Museum December 1944, La Gleize, Belgium

In the eigthies, I visited twice the Battle of the Bulge museum December 1944 in La Gleize, Belgium. The only eyecatcher then was of course the German Königstiger. But recently, the museum had a make-over and last summer I visited it again.
Here are some pictures of this formidable collection of German and American army. Strongly recommended!

Dugjans,

Excellent group of pictures, thank you for taking them posting them here on the forum.

Brian

Looks like a really neat museum.

Do they still have the two tanks, one at each end of town? I hope so.

Walked through there in 1967, & at the time was unaware of the museum and the importance of the battle.

I JUST LOVE MUSEUMS - THANKS FOR ALL THE GREAT PHOTOGRAPHS. JUST A LITTLE COMMENT, ORIGINALLY MADE BY A U.S. INFANTRYMAN WHO WAS THERE, THE 3 MOST IMPORTANT THINGS TO AN INFANTRYMEN WERE; LOTS AND LOTS OF AMMUNITIOIN, COFFEE (GOOD OR NOT), AND CHEWING GUM. PLEASES ME TO SEE THAT CHEWING GUM MADE THE MUSEUM’S CUT.

A. What hit, and apparently penetrated the King Tiger?
B. What happened to the Garand about halfway down?
C. Who used the Johnson LMG?

[quote=“jonnyc”]A. What hit, and apparently penetrated the King Tiger?
B. What happened to the Garand about halfway down?
C. Who used the Johnson LMG?[/quote]

The Kingtiger 213 belonged to Kampfgruppe Peiper. After the German SS-troops took La Gleize, they fell out of gas and the Americans started a counterattack in which the Königstiger became heavily damaged. Its barrel broke and the defenders left the village on foot, returning to their lines. The tank itself was completely disabled by its crew, I think they blew it up because there’s huge damage above the tracks on both sides of the body. After seizing La Gleize, some American tankers tried to penetrate the frontal armor of the tank but they didn’t succeed… In the summer of 1945, men of the engineercorps wanted to tow away the wreck but traded it for a bottle of cognac with mrs. Jenny Geenen-Dewez whose husband had a bar-café in La Gleize. The following years, the tank was externally restorated. Welders of the FN arms factory repared the barrel with a barrel of a Panther. I visited it for the first time in 1981. Nothing has changed on the tank since then, only some new paint.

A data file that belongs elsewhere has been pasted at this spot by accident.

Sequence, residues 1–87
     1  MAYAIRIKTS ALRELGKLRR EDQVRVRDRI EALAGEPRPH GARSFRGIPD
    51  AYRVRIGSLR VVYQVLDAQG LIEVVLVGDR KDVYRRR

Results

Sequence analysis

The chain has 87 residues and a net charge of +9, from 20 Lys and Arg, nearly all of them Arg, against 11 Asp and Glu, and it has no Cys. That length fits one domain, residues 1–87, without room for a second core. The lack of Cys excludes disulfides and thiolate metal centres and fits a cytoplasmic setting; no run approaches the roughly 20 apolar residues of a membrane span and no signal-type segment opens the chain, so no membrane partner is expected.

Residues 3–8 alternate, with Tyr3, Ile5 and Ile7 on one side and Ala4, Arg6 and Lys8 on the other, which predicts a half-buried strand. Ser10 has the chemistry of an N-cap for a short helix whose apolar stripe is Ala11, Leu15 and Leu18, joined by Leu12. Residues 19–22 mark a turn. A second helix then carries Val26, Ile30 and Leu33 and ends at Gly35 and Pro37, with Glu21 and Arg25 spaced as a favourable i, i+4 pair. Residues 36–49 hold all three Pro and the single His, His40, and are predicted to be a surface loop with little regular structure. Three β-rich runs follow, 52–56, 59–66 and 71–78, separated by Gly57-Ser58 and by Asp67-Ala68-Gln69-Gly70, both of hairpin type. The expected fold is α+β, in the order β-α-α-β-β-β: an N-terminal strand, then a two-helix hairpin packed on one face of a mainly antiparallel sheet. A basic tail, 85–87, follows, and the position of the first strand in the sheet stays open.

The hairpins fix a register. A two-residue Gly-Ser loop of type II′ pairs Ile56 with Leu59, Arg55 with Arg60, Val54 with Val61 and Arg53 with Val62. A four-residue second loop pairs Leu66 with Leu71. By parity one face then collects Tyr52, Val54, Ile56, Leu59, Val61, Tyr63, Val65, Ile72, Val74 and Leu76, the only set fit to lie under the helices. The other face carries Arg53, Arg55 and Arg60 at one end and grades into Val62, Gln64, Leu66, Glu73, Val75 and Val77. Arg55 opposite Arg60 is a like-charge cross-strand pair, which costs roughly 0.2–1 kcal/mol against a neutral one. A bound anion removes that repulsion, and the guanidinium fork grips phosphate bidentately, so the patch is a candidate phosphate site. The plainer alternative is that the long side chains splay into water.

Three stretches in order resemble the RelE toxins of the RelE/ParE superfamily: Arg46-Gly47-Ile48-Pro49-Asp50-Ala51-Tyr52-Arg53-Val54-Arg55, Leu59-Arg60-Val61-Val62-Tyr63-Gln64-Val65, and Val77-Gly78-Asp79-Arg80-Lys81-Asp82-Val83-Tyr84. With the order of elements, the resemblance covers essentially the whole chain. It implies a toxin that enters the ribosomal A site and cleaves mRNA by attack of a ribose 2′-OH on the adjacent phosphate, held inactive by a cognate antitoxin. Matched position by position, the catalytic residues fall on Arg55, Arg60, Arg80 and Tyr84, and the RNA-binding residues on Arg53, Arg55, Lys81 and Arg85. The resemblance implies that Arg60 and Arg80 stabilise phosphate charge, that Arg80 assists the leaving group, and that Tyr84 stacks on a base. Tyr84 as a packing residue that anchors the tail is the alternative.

About the Garand(s). It’s a so called bottom discovery. Still, there 's plenty of debris, litter, ammunition… in the underground of the battlefields because of the intense fighting of those days.
And the Johnson? Let me guess: the 101 airborne? As far as I know, it was not widely used. Strange enough, it was the twin of the German FG 42 as it operated in the same way.

[quote=“PetedeCoux”]Looks like a really neat museum.

Do they still have the two tanks, one at each end of town? I hope so.

Walked through there in 1967, & at the time was unaware of the museum and the importance of the battle.[/quote]

I don’t think so, Pete. My first visit dates back to 1981 and I 've never seen other tanks in the village. But there are plenty of tank- monuments around, almost always American Shermans. Too often, they were knocked out by the enemy and left behind. Yes, we owe America…

Too bad, that was really cool.

Jon - it looks to me, from the picture, that the M1 did not blow up from any malfundtion (I know you didn’t say it did - just an observation on my part), but rather was probably hit by two or three bullets, perhaps due to their close proximity to each other, and the fact that just one probably would have caused it to be dropped, from a high ROF machine gun. Most of the visible damage seems to be in the stock and (missing) top rear handguard. However, if a 7.9 bullet went through the stock up around the trigger section, there was undoubtedly damage internally. I see the bolt is locked, and probably jammed, to the rear. One can picture the hits occuring while the soldier was attempting to reload the weapon. Of course, all speculation on my part.

Interesting Museum - wish I knew about it when I was in Belgium years and years ago (1979 as I recall). Sad, though, when you look at the dug up weapons and artifacts, and ponder on why they were dropped.

Great pictures!

The Rubber late-production-model FG42 (G-type) muzzle cover is VERY rare, as are the pouches - someone really worked hard on that display.

Nice pictures. Would be interesting to see the manufacturer and serial numbers of the M-1’s. See a familiar item the BAR ammo belt. I strapped more than one of them on. Always carried a full magazine in the weapon with the bolt closed, that gave you 20 extra.
Gourd